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Thursday, 19 February 1987
Page: 350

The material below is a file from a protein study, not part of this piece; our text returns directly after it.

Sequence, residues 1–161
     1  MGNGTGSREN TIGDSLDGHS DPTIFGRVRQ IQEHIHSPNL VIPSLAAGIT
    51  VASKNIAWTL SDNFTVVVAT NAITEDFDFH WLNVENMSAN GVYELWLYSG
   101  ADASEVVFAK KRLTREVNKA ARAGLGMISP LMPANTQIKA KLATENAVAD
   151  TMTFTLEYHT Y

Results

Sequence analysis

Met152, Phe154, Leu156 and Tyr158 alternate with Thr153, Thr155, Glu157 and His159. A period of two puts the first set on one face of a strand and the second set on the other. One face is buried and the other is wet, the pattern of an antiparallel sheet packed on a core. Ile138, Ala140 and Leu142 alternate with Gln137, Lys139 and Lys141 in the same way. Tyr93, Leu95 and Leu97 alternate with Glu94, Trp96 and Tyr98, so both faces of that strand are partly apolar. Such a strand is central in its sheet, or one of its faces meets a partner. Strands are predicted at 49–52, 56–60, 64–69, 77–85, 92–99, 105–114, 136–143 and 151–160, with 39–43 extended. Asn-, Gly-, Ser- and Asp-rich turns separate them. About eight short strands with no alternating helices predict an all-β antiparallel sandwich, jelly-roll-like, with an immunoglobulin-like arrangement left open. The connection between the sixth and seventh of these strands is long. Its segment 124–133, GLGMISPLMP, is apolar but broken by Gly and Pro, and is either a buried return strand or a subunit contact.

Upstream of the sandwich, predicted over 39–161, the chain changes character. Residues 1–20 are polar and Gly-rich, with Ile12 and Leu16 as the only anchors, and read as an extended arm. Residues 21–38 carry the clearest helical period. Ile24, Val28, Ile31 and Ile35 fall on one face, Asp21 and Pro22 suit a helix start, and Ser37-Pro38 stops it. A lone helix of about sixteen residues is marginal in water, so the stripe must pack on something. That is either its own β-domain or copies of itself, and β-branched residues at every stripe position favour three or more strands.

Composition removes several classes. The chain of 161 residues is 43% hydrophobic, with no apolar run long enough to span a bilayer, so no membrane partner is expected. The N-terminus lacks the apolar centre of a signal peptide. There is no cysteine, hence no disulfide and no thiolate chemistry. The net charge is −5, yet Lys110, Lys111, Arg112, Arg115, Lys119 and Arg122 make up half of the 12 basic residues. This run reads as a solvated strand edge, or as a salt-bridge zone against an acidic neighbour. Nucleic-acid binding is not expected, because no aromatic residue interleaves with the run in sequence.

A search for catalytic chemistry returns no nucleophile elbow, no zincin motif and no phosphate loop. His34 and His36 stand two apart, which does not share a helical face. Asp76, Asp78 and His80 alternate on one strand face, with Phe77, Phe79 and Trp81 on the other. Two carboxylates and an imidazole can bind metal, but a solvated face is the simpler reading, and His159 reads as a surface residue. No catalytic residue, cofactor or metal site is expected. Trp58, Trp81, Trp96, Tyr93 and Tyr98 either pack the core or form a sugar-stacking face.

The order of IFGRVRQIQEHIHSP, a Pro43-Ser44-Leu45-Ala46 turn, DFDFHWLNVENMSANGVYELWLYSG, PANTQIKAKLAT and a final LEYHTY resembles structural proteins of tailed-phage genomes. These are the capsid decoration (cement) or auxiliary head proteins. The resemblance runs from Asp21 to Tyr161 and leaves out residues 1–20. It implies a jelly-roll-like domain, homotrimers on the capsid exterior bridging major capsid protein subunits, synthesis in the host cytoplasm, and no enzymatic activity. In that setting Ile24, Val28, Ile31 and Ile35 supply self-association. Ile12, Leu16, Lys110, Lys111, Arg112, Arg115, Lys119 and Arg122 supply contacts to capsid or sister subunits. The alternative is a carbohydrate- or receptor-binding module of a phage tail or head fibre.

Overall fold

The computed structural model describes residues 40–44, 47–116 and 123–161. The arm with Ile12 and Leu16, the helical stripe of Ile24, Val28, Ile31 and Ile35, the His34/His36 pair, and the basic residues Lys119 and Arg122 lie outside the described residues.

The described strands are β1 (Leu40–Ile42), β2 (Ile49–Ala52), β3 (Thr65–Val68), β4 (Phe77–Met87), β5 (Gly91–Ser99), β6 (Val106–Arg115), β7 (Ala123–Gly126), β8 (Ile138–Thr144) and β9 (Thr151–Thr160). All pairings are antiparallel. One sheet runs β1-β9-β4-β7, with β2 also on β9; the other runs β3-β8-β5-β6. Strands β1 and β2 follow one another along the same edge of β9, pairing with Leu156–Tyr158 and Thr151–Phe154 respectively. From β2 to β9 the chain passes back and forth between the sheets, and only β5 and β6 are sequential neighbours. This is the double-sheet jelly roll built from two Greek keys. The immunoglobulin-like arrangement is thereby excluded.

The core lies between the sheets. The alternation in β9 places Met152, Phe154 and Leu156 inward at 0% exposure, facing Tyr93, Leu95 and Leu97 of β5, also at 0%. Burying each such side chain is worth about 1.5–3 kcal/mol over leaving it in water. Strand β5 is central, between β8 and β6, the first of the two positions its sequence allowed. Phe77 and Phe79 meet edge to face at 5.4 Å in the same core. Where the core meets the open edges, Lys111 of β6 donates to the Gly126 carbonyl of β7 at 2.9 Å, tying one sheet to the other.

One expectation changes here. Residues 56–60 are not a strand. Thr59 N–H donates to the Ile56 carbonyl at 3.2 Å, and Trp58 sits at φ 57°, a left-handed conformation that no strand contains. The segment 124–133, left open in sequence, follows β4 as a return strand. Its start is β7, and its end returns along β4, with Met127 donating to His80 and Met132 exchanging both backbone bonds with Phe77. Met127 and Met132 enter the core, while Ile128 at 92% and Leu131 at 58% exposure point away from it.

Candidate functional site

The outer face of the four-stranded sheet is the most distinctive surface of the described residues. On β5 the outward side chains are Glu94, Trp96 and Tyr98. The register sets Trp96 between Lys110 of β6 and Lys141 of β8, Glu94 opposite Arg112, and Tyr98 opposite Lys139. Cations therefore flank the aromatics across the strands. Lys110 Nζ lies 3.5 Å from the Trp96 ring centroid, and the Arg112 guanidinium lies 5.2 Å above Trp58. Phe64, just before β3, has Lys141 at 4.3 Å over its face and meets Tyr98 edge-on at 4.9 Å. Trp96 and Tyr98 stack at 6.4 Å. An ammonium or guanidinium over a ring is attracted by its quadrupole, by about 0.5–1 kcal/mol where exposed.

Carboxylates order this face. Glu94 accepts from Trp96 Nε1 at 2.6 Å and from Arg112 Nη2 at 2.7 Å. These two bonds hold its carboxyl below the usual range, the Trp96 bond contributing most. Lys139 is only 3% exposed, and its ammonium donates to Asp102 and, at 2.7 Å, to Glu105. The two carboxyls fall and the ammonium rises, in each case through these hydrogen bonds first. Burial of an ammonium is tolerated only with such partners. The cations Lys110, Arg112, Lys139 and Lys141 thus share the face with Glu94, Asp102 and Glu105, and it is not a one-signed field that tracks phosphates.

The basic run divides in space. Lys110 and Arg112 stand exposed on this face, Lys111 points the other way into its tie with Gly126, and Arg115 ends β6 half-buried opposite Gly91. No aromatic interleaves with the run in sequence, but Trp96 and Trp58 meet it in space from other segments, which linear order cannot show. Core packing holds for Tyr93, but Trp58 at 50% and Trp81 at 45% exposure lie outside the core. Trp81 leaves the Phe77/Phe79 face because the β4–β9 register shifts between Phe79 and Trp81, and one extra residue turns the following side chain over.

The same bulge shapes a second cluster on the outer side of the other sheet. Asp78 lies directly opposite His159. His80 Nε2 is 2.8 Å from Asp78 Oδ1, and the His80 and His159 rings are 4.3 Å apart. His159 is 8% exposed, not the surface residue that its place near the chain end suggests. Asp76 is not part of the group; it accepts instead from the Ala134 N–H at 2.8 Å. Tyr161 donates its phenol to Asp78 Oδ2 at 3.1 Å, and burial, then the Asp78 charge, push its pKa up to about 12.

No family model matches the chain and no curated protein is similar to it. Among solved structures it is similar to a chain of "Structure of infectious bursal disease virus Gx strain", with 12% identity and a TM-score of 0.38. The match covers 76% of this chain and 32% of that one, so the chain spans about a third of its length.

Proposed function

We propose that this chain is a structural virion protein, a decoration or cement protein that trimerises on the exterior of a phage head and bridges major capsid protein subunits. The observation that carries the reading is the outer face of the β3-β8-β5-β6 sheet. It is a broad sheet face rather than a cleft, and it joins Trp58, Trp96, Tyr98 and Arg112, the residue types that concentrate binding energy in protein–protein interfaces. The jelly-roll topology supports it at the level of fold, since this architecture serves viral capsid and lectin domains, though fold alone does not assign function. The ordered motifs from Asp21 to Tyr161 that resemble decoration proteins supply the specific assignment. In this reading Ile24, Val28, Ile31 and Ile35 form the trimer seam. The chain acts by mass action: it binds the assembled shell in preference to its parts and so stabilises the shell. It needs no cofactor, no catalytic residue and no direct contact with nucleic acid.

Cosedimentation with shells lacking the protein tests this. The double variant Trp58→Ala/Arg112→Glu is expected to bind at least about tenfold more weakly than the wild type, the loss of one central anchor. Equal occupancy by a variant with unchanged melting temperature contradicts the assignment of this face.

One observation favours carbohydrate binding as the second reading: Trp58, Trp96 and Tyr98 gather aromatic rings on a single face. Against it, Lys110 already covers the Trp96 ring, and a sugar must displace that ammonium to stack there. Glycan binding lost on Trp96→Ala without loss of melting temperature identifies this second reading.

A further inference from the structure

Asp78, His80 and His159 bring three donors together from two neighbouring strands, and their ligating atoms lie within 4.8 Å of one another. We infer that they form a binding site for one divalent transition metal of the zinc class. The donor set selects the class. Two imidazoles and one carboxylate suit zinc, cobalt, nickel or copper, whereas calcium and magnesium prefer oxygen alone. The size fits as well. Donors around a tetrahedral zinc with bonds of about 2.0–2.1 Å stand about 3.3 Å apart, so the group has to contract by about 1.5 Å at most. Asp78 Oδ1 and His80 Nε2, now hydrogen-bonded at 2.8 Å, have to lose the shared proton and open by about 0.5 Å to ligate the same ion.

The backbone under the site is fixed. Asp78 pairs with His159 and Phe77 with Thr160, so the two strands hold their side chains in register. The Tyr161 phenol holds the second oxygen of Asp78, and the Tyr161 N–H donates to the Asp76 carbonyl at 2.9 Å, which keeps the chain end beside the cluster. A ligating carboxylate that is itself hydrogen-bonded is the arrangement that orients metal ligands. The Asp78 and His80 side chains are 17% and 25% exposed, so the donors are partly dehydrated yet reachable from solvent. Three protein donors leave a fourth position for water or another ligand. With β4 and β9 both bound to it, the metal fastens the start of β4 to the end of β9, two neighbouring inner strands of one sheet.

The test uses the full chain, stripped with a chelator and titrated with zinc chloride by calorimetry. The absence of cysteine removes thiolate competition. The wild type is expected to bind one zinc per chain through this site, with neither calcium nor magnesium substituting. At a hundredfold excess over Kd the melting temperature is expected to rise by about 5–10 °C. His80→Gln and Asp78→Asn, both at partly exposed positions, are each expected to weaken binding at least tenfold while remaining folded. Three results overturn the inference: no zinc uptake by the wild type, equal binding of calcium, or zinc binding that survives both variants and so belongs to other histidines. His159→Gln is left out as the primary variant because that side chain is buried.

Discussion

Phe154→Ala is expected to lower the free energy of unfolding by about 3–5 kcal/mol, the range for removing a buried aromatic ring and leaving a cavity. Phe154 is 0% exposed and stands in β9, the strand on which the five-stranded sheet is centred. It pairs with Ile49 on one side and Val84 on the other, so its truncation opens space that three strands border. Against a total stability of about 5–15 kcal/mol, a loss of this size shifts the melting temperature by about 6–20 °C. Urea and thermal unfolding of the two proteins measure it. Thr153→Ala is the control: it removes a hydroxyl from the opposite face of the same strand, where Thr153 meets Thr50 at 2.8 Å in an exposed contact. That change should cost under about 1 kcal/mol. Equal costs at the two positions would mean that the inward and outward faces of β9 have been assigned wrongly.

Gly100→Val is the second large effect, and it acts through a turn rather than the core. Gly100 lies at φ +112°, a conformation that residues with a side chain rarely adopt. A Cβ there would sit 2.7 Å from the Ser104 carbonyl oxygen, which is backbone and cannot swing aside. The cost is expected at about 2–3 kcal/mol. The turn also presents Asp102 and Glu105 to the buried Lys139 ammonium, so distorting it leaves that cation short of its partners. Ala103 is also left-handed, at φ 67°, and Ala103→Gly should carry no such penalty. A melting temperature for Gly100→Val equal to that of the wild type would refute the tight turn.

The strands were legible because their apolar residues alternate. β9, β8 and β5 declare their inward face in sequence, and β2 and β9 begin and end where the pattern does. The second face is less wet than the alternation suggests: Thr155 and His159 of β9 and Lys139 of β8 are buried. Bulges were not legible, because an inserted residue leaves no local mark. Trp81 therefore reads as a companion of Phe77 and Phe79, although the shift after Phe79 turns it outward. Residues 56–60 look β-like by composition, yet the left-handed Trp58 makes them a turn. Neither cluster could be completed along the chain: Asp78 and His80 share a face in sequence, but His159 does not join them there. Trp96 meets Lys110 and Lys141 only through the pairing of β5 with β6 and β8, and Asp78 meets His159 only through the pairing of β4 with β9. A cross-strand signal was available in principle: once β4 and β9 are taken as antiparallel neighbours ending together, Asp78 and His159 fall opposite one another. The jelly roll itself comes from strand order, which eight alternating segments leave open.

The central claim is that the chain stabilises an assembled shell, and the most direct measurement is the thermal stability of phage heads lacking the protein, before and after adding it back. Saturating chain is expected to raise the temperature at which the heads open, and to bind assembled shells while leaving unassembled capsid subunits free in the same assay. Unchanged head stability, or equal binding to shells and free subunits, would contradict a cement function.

Mr CLEELAND(1.50) —Madam Speaker. It is always a pleasure to follow the honourable member for Lyons (Mr Burr), particularly in regard to his latest statements as to the concern of the Premier of Tasmania about what is happening in this country. We know now that the reality is that Premier Gray is now controlled by the faceless men of Queensland, the men who are putting up $25m to control the conservative forces. We do not know who these faceless people are, but we do know that Robin Gray, at the bidding and snap of the fingers of Joh Bjelke-Petersen, will fly to Queensland and have secret meetings. They are secret because no one knows who attends them. No one knows who is pulling the strings on this man from Queensland called Joh Bjelke-Petersen, but we do not know that there are in Australia forces which, in Queensland, have got what they wanted in profit terms by supporting the secret National Party funding up there. So when honourable member for Lyons talks about Premier Gray and his great concern, the people of Tasmania should ask the Premier what he is doing in flying up having secret meetings with the Premier of Queensland and why he says that he will support him in becoming the Prime Minister and then, when Mr Valder tells him to shut up, that he will not. That is what is happening in Tasmania. It is not a case of Gray's controlling the argument, controlling the forestry system. It is these faceless men from Queensland who are now trying to dictate the political agenda of this country. Every Australian should be very concerned indeed.